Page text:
North Carolina Sea Grant

July 27, 2018 | Danielle Costantini

Photo by Roger Winstead


Greg Cox knows his way around food. The News & Observer’s food critic since 1995, he has eaten his way around the Triangle, tasting a multitude of cuisine over the years.

Recently, he ranked the Triangle’s top restaurants of 2018 so far. His story highlighted a trend that we at Sea Grant have been noticing for a while.

Seafood is shining brightly in the Triangle. Of his top-six restaurant picks — those with a four-star rating or higher — three focus on North Carolina seafood.

“The fact that half of these places specialize in fresh seafood — a category that has long been underrepresented in these parts — is icing on the cake,” Cox wrote in the N&O.

A ‘choose three’ Calabash platter at Saint James Seafood in Durham. Casey Toth/

Saint James and Saltbox Seafood Joint, both in Durham, and Postal Fish Company in Pittsboro received praise for their excellence in seafood. Cox also lauded a fourth restaurant, Postmaster in Cary, known for Southern cuisine, for its use of “market catch” fish.

Cox speaks excitedly about this new culinary wave. “I’m a huge seafood fan,” he says. “If I could only eat one animal protein for the rest of my life, it would be that.”

Lucky for him, North Carolina seafood has been on the rise in recent years. And it’s not just Sea Grant noticing. “There absolutely has been an increase in seafood,” Cox confirms. Not only are more restaurants serving local fare, but the quality of that seafood also has improved, he says.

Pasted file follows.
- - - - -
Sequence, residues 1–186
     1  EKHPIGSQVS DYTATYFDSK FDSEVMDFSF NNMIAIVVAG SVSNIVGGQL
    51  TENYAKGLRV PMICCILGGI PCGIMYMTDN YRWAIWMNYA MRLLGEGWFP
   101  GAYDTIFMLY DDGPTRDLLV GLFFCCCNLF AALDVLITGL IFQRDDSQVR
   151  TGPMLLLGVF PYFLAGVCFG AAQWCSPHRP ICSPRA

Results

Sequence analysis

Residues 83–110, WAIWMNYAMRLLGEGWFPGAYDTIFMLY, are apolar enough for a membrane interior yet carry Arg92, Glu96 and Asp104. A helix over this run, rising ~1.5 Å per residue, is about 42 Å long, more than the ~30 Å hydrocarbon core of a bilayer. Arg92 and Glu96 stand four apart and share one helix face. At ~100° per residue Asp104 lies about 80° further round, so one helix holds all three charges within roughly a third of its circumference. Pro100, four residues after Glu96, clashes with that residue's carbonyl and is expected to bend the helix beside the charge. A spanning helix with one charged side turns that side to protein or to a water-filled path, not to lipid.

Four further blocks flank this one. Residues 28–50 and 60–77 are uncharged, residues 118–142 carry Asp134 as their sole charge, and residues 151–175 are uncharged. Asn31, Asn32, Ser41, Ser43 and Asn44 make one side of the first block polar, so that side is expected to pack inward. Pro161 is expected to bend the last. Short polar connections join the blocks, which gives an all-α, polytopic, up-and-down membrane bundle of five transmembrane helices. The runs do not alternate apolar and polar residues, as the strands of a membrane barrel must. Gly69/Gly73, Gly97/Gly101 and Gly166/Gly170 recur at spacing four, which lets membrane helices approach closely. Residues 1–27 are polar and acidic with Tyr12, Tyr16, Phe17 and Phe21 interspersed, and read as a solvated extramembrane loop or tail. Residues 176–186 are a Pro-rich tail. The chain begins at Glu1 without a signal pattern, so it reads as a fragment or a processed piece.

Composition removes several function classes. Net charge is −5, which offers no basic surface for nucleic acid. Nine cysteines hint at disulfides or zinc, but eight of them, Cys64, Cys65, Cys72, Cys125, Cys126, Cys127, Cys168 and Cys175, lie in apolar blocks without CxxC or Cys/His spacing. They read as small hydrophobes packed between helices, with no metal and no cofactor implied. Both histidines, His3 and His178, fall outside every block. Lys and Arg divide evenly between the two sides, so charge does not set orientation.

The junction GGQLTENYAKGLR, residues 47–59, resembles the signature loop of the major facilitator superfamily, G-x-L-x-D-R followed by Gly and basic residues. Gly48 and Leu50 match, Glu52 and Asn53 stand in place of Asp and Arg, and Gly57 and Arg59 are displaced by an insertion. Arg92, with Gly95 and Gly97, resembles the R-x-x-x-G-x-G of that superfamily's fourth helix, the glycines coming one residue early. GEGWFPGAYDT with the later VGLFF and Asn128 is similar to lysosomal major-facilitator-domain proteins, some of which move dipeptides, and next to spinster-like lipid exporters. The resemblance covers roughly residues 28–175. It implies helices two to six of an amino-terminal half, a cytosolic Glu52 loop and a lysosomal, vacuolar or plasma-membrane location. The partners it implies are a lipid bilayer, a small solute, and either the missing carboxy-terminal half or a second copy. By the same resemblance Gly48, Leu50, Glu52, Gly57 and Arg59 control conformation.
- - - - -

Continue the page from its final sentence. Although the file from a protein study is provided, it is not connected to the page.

Wood-grilled sunburnt trout from Postal Fish Company in Pittsboro. Juli Leonard /

Seafood’s increasing popularity may simply reflect the growing restaurant diversity in the Raleigh-Durham-Chapel Hill area. Cox speculates that healthy and “local eating” trends play a role, as seen in the growth of farmer’s markets in the area. He also cites a more educated and demanding customer base that is interested in quality and freshness.

Barry Nash, Sea Grant’s seafood technology and marketing specialist, has worked with local catch groups to conduct market research, along the coast as well as inland.

Durham chef Ricky Moore, owner of the Saltbox Seafood Joint in Durham, tops orders with spices. Juli Leonard /

“Our research shows the demand for local products is strong, and has grown stronger over the years,” Nash says.

Health benefits of seafood are key, but so too are the clear ties to fishing families. “People value the heritage of coastal communities,” he adds.

While the restaurants on Cox’s list may get their seafood from various sources, each values local vendors.

In a prior review of Postal Fish Company, Cox discovered that the chef-owners drive to the coast to buy their seafood directly off the boats. Others rely on seafood distributors for quality products. In his recent story, Cox gave a shout to Postmaster for procuring its fresh seafood from Locals Seafood, a duo that brings N.C. seafood to the Piedmont.

Postmaster in Cary may not be known for seafood, but often features local N.C. seafood in recipes like  honeycomb oysters. Juli Leonard/

Aside from supplying to restaurants, Locals Seafood is also an established vendor at farmers markets in the area. When he stops by the State Farmers Market in Raleigh, Cox witnesses the company’s popularity. “They always have huge lines,” he says.

For those hankering for a seafood dinner out, Cox recommends doing research ahead of time. Many restaurants detail menu options and seafood sources. Or, before ordering, ask the server about the fresh catch, including where it came from and how it’s prepared.

But will the N.C. seafood boom last?

Cox is optimistic. “It might be wishful thinking, but I hope the trend will continue.”

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